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Some reporters have all the luck--especially plucky, ambitious, determined Texas TV news reporter Tiel McCoy, who walks into a convenience store on her long-postponed vacation and finds herself smack in the middle of the biggest story of her life. A couple of scared kids--an all-American boy and his very pregnant girlfriend, on the lam from her powerful, wealthy father who's determined to keep them apart--hold Tiel and a handful of other customers hostage. While Ronnie's brandishing the gun, Sabra goes into labor, and a mysterious, handsome stranger known as "Doc" takes over what soon turns into a life-threatening delivery. Only Tiel knows who Doc is: a brilliant, innovative physician who disappeared after a scandal involving the death of his wife. And only Tiel knows the identity of the gun-wielding boy and his girl, who are at the center of a manhunt the size of Texas. But there are some secrets she doesn't know, including the murderous reputation of two men trapped in the store with the rest of the hostages. As the drama unfolds, it becomes apparent that the kids would rather die than surrender, and the police, the FBI, and Sabra's father will precipitate a volatile end to the standoff.
Brown is a skillful writer, able to sustain suspense while fleshing out her characters. She saves the obligatory sex scene for the very end, but makes it worth waiting for. Tiel McCoy is an engaging heroine, and Brown fans will look forward to her return in another adventure after she wins the coveted promotion this dramatic exclusive will no doubt earn her.
completely unbelievable Although Sandra Brown's book are occasionally a little saccharine for me, generally, they are enjoyable reads with fun plot twists. This one, however, was totally unbelievable with plot twists that were so unlikely as to make the book impossible to enjoy.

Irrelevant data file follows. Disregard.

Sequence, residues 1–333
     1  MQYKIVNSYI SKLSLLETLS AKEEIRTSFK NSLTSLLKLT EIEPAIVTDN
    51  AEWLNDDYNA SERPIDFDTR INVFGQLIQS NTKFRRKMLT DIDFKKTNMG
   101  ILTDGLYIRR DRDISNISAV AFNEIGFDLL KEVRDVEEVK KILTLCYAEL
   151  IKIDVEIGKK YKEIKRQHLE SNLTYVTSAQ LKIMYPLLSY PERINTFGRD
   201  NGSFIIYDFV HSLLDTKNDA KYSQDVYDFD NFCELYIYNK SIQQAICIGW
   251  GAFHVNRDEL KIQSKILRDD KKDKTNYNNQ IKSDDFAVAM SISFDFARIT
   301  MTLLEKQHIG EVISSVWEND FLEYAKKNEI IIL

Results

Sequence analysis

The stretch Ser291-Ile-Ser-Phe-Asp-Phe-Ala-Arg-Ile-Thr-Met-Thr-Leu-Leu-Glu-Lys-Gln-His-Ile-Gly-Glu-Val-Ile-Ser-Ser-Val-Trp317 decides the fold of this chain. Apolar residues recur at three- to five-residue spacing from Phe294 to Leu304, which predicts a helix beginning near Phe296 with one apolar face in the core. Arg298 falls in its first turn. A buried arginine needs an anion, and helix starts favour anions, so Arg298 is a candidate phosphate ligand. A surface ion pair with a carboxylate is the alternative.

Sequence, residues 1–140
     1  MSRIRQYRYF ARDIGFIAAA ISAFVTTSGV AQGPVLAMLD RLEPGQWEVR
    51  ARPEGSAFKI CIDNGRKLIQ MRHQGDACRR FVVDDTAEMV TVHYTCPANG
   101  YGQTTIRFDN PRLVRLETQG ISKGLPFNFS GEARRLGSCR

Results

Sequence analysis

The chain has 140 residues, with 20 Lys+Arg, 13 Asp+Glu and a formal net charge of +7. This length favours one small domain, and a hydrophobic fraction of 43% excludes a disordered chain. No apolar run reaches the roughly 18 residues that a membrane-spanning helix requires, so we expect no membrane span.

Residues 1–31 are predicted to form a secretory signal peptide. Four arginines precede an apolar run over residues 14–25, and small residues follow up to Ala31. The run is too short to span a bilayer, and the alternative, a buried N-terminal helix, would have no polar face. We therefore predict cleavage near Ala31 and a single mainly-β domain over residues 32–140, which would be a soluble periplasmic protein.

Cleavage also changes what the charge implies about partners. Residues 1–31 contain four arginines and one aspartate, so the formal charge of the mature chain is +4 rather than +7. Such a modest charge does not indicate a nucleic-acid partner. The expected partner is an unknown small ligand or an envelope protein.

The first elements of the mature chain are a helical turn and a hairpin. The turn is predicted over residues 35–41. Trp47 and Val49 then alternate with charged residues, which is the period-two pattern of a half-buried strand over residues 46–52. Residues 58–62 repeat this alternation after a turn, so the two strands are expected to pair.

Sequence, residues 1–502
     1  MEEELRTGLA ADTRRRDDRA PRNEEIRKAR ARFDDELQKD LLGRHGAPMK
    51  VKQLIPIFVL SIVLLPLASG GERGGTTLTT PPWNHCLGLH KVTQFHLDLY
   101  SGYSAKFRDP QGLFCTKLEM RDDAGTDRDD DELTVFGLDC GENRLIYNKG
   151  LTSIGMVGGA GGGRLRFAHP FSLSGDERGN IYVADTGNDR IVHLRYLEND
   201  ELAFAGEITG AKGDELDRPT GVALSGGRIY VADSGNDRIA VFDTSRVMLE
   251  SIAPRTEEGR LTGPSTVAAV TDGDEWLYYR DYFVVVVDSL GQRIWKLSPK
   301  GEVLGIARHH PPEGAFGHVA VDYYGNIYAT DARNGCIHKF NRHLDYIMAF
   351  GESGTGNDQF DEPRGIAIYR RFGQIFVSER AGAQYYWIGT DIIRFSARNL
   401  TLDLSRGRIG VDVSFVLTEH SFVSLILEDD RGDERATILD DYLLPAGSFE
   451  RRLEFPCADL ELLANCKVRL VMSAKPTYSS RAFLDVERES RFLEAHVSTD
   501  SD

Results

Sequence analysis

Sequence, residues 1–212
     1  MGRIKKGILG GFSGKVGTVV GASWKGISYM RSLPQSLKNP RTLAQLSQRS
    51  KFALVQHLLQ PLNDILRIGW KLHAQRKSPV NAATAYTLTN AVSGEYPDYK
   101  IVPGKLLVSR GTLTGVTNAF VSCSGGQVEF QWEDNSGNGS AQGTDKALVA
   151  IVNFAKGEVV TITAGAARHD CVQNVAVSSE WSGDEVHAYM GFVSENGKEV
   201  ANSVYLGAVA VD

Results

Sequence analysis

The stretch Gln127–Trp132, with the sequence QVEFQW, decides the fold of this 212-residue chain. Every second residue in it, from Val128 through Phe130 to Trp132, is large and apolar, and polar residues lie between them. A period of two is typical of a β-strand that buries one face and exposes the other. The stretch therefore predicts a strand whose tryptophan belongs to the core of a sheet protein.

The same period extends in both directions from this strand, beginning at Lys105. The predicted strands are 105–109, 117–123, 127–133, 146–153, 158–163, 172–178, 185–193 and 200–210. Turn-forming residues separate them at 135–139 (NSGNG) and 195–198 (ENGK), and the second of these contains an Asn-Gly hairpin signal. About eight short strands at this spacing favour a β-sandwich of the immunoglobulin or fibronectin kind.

First off, I wish they had asked someone with some medical knowledge to review this book before publication. The birth scene was truly the most unrealistic birth scene I have ever read. A 17-year-old who is in an absolutely terrifying situation for her first birth manages to go through an entire labor with nothing more than an occasional grimace, and she pretty much pushes the baby out without anyone noticing it's happening. An oncologist who hasn't touched a pregnant woman in over a decade manages to tell immediately from an exam that the baby is breech. The baby turns after the water is broken while the woman is in labor. (And as an aside, what is Sandra Brown's obsession with episiotomies? Just in case anyone out there gets their medical knowledge from her novels, there is no proof that episiotomies prevent bad tears, and most studies have shown that they are more likely to cause them.)
I was annoyed enough at how poorly the birth scene was written, I should have just stopped, but Brown's writing style is engaging enough that I wanted to find out how the book ended. Unfortunately, it got no better from there. We are supposed to believe that a group of people are unable to distract and overpower a scared 17-year-old boy whose girlfriend is in labor, but are able to do so to an experienced FBI agent. We are also supposed to believe that law enforcement would be willing to bargain with this same boy who has held 7 people at gunpoint for several hours, just because his girlfriend's father is a jerk. Also, we are supposed to believe that this boy chose to hold up a store in the middle of nowhere that happened to contain a TV reporter, a famous doctor who's been discredited and a Top 10 Most Wanted criminal.
Sandra Brown has done much better than this. Pass this one by.Best to pass this one by I listened to this book on audio tape while in the car - a new experience for me. Maybe it's because I prefer reading or maybe the narrator's voice became irritating, but this was not very entertaining. Sandra Brown is one of my favorite romantic-suspense authors and I have enjoyed many of her past works. Standoff is a light-weight story. Although the characters were together for many hours as hostages in a convenience store, I didn't feel like I knew them very well. The two teens who robbed the store and caused the problems definitely had some psychological issues, but I found myself not caring too much about them and waiting for the story to resolve. It does and ho-hum. Maybe it is more enjoyable in print, but judging from some of the other reviews, probably not. If you want to read a good Sandra Brown, try Witness or French Silk.Very bad end The story of the book is excellent, although it has too many coincidences at the beginning of it, nevertheless, the abduction and all the problems with the hostages will keep you in the book and you will not be able to close it... until the abduction ends. The last 30 pages could be written in 5 pages or less and that end just took away a star, you can end the book when the abduction ends and read the las two pages and you will have an excellent book.